Allocating fund assets is still a tricky balancing act
The balanced fund diversified across a range of asset classes has for decades been a staple choice of long-term savers.
Seeking to harvest the benefits of diversification and provide an attractive long-term return, balanced funds are likely to remain a popular choice for many individuals and institutions looking for a long-term home for their savings. In Ireland, the so-called managed fund offered by a range of domestic and international investment managers has traditionally fulfilled this role.
Notwithstanding the growing range of investment funds on offer here, the managed fund is likely to continue to fulfil this role.
While there has been a tendency to broaden the asset classes in which managed funds invest, equities and sovereign bonds generally represent between 80 per cent and 90 per cent of the average fund. The key asset allocation decision, therefore, is that between equities and sovereign bonds.
Ben Graham, widely acknowledged as the father of value investing, summarised his deceptively simple approach to this challenge more than 80 years ago.
“A fundamental guiding rule is that the investor should never have less than 25 per cent or more than 75 per cent in common stocks, with a consequent inverse range of between 75 per cent and 25 per cent in bonds,” he said.
“There is an implication here that the standard division should be an equal one, or 50-50 between the two major investment mediums.
“However, the only [investment] principle that has ever worked well consistently is to buy common stocks at such times as they are cheap by analysis, and to sell them at such times as they are dear by analysis. That sounds like timing; but it is not really timing at all but rather the purchase and sale of securities by the method of valuation.”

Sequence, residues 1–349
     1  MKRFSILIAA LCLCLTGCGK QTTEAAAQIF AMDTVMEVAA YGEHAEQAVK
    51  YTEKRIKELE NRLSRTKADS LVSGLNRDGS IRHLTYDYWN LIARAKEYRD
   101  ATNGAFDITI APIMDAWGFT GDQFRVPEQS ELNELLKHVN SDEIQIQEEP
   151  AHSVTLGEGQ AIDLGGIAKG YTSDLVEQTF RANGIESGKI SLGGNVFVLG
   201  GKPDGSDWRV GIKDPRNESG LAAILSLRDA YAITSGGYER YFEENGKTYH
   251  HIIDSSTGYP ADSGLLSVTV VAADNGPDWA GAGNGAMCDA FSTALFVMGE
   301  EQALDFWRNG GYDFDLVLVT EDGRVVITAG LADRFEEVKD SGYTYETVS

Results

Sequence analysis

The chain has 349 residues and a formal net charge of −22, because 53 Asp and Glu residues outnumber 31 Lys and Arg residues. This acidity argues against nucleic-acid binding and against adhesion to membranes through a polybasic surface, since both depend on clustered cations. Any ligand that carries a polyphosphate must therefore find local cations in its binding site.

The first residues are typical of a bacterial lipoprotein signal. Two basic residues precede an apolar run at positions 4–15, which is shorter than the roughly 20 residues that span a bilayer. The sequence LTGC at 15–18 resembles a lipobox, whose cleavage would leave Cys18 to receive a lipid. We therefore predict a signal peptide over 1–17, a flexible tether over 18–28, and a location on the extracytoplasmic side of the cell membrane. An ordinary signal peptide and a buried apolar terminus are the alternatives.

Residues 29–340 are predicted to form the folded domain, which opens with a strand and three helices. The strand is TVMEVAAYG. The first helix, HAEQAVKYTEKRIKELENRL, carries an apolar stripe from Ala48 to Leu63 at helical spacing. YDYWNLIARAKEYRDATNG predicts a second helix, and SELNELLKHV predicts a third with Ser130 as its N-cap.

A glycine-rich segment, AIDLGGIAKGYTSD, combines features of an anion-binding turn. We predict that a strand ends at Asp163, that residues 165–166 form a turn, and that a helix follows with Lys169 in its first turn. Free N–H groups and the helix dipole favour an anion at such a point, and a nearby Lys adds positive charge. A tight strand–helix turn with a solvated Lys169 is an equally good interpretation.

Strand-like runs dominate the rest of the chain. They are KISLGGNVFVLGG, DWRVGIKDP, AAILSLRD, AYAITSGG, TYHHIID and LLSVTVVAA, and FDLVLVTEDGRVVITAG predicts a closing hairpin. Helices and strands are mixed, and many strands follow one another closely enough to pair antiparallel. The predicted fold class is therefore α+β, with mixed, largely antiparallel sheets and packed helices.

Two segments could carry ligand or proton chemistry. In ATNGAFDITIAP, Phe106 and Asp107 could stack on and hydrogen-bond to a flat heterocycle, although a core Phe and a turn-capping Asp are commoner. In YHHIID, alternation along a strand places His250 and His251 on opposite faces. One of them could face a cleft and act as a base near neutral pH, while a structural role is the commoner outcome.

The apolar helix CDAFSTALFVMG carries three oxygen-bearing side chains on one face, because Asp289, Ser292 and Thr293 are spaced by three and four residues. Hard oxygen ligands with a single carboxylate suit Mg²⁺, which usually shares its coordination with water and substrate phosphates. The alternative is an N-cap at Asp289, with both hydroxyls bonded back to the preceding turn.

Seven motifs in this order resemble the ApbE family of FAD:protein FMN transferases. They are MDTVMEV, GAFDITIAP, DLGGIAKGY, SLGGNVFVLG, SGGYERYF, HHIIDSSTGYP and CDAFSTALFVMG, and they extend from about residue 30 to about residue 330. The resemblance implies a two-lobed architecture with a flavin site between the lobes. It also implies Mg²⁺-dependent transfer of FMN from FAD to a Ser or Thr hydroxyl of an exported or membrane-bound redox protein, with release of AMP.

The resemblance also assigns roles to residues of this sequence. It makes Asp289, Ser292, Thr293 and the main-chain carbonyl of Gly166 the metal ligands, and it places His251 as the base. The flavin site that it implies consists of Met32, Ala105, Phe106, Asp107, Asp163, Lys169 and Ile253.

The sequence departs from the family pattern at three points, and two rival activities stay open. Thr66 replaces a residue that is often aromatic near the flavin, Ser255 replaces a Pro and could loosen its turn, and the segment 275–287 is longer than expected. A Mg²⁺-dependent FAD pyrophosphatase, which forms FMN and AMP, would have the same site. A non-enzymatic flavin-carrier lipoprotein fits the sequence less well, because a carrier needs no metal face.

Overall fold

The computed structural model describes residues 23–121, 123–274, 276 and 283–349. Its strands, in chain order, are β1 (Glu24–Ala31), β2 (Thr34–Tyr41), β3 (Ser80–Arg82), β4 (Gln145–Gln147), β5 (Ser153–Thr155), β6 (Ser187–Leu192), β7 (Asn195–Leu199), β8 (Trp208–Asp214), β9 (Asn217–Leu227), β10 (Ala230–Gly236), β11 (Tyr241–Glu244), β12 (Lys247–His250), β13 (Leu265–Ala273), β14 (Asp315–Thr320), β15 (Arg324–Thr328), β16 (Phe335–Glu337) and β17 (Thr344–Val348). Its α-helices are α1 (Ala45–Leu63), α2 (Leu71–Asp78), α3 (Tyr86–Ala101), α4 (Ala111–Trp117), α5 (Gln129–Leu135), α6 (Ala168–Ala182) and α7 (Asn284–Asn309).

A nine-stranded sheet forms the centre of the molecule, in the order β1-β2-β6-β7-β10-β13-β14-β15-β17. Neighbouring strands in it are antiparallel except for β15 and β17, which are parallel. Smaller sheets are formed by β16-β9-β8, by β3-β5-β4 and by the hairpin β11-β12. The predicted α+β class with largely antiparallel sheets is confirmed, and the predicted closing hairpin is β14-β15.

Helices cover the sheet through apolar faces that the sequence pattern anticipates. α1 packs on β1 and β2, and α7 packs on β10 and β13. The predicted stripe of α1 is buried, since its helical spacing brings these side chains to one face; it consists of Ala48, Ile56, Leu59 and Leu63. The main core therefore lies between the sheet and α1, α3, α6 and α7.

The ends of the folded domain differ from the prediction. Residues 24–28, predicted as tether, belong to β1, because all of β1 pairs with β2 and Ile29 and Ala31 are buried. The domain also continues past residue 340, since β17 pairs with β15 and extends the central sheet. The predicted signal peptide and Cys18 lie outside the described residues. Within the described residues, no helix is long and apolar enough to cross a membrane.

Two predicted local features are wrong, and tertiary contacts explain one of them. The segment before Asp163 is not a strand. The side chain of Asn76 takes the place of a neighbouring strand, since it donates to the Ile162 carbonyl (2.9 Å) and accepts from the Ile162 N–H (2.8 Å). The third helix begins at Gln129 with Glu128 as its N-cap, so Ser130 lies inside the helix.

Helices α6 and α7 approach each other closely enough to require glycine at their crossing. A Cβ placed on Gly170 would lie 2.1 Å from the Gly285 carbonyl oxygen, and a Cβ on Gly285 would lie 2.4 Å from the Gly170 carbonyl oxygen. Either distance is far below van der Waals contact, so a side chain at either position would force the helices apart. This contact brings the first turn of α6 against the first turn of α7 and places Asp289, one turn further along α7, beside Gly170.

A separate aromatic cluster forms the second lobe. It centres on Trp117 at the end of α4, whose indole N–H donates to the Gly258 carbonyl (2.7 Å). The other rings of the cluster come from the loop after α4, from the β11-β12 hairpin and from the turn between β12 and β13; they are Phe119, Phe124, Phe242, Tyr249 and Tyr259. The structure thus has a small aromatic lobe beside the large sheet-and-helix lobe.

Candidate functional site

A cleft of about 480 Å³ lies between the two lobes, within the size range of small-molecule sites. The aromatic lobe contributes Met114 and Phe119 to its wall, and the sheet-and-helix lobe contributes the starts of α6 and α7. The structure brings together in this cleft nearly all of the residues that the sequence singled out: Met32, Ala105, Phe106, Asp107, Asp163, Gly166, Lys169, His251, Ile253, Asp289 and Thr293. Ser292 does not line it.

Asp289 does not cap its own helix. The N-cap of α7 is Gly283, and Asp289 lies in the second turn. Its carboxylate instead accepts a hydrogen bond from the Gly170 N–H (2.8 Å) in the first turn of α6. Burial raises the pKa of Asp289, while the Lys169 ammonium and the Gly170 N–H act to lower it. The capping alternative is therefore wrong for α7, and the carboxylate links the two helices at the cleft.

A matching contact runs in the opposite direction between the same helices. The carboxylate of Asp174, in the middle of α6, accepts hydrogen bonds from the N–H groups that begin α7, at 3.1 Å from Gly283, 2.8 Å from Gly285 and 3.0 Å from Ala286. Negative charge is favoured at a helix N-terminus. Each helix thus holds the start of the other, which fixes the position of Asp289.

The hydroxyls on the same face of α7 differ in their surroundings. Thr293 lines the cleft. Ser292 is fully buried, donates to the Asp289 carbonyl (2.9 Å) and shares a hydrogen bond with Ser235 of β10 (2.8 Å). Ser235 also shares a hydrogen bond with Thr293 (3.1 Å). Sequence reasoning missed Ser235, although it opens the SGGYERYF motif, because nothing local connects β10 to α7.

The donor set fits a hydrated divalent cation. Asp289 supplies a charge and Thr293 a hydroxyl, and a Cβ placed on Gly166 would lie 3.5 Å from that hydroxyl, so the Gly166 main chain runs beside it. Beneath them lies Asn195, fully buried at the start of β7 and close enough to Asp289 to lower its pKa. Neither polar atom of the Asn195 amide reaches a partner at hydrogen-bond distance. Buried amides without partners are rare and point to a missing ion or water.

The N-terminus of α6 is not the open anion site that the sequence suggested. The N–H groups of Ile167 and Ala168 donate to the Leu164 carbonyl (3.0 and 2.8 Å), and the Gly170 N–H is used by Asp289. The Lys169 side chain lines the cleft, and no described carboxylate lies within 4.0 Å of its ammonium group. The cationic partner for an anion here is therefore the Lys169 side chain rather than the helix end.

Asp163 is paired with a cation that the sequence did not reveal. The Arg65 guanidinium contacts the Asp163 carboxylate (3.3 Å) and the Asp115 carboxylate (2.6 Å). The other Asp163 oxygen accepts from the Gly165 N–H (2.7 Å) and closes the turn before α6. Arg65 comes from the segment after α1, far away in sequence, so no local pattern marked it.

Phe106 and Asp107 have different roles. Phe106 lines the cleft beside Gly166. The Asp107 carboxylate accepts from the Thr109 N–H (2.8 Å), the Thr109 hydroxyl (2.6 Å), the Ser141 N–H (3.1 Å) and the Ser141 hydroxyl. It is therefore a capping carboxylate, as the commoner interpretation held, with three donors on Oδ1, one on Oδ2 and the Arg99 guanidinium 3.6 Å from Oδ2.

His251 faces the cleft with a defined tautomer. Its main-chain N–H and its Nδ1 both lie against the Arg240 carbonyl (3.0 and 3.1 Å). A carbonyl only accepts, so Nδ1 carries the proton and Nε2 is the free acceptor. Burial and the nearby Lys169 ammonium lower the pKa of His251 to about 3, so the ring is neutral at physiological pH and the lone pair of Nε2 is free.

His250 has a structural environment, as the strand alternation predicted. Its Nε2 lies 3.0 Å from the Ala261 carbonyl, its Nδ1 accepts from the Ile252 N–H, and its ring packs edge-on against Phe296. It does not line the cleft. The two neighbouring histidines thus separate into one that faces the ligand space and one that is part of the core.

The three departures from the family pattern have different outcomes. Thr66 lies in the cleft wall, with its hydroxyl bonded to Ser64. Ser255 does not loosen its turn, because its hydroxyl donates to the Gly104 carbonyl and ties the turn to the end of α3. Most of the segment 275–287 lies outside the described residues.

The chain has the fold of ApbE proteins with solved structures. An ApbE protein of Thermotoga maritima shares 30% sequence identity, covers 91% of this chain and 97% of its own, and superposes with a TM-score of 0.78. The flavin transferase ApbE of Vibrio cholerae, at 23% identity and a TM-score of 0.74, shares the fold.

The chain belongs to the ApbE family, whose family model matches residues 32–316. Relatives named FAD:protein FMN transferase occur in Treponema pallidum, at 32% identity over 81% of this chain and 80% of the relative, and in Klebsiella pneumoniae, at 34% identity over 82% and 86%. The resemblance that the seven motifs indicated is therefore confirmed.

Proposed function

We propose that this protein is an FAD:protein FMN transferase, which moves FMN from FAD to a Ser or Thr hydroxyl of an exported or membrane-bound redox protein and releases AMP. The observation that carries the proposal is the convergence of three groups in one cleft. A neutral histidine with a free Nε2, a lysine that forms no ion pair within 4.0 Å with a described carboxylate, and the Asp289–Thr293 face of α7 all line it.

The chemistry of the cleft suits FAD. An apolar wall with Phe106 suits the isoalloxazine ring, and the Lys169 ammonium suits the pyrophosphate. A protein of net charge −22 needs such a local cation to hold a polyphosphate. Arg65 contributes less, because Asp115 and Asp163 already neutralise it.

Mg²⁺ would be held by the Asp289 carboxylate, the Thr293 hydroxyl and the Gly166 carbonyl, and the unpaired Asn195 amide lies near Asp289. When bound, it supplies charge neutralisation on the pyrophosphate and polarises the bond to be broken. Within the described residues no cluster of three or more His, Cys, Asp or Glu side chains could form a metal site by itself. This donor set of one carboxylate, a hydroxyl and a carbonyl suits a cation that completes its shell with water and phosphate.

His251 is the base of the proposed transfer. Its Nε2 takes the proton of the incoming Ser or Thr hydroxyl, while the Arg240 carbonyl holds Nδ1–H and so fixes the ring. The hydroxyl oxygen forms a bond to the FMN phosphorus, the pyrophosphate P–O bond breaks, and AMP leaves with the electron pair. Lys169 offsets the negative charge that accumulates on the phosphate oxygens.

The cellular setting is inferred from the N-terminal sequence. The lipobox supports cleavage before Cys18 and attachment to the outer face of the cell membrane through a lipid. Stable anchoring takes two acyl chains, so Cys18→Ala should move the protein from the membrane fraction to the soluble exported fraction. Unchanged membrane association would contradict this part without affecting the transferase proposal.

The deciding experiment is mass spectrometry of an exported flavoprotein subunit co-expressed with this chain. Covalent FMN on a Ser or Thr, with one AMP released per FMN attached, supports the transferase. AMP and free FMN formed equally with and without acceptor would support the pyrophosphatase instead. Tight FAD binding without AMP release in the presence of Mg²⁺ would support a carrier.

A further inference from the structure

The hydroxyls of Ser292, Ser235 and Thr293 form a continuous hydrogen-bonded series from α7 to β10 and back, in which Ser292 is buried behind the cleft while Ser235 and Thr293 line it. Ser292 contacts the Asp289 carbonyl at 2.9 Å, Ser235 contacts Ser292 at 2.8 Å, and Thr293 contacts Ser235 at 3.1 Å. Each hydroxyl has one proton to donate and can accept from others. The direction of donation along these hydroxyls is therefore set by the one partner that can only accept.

The extraordinary monetary policy response to the global financial and economic crisis of recent years continues to have a major impact on the valuation of asset classes.
The valuation of cash and bonds relative to equities and to their longer-term history looks unattractive at the moment, while the valuation of equities relative to cash and bonds looks correspondingly attractive. But this is considerably less so when compared to their longer-term history.
For Graham, this would likely suggest an asset allocation at or near the upper end of his maximum exposure to equities of 75 per cent.
However, before the modern managed fund manager hastens to replicate this allocation, some thought as to the differences in context from the time of Graham is warranted.
In particular, the markedly different monetary regime and the markedly more active policy environment have introduced uncertainties never faced by the father of value investing.
It may be little wonder that one of his most famous successors, Seth Klarman of Baupost, recently decided to return money to his investors.
“Investing today may well be harder than it has been at any time in our three decades of existence, not because markets are falling but because they are rising; not because governments have failed to act but because they chronically overreact; not because we lack acumen or analytical tools but because the range of possible outcomes remains enormously wide; and not because there are no opportunities but because the underpinnings of our economy and financial system are so precarious that the unabating risks of collapse dwarf all other factors,” Klarman wrote recently.
Valuation must remain central to the decision about equities versus bonds. But even with this insight from Ben Graham the challenge of asset allocation for the managed fund manager has arguably never been as difficult.
If you have invested in a managed fund, or if your pension scheme has invested in one, it might be worth asking the manager how he or she is addressing this challenge.
John Looby is an investment manager at Setanta Asset Management, a global value manager based in Dublin. The views expressed are personal and do not necessarily reflect the views of his employer.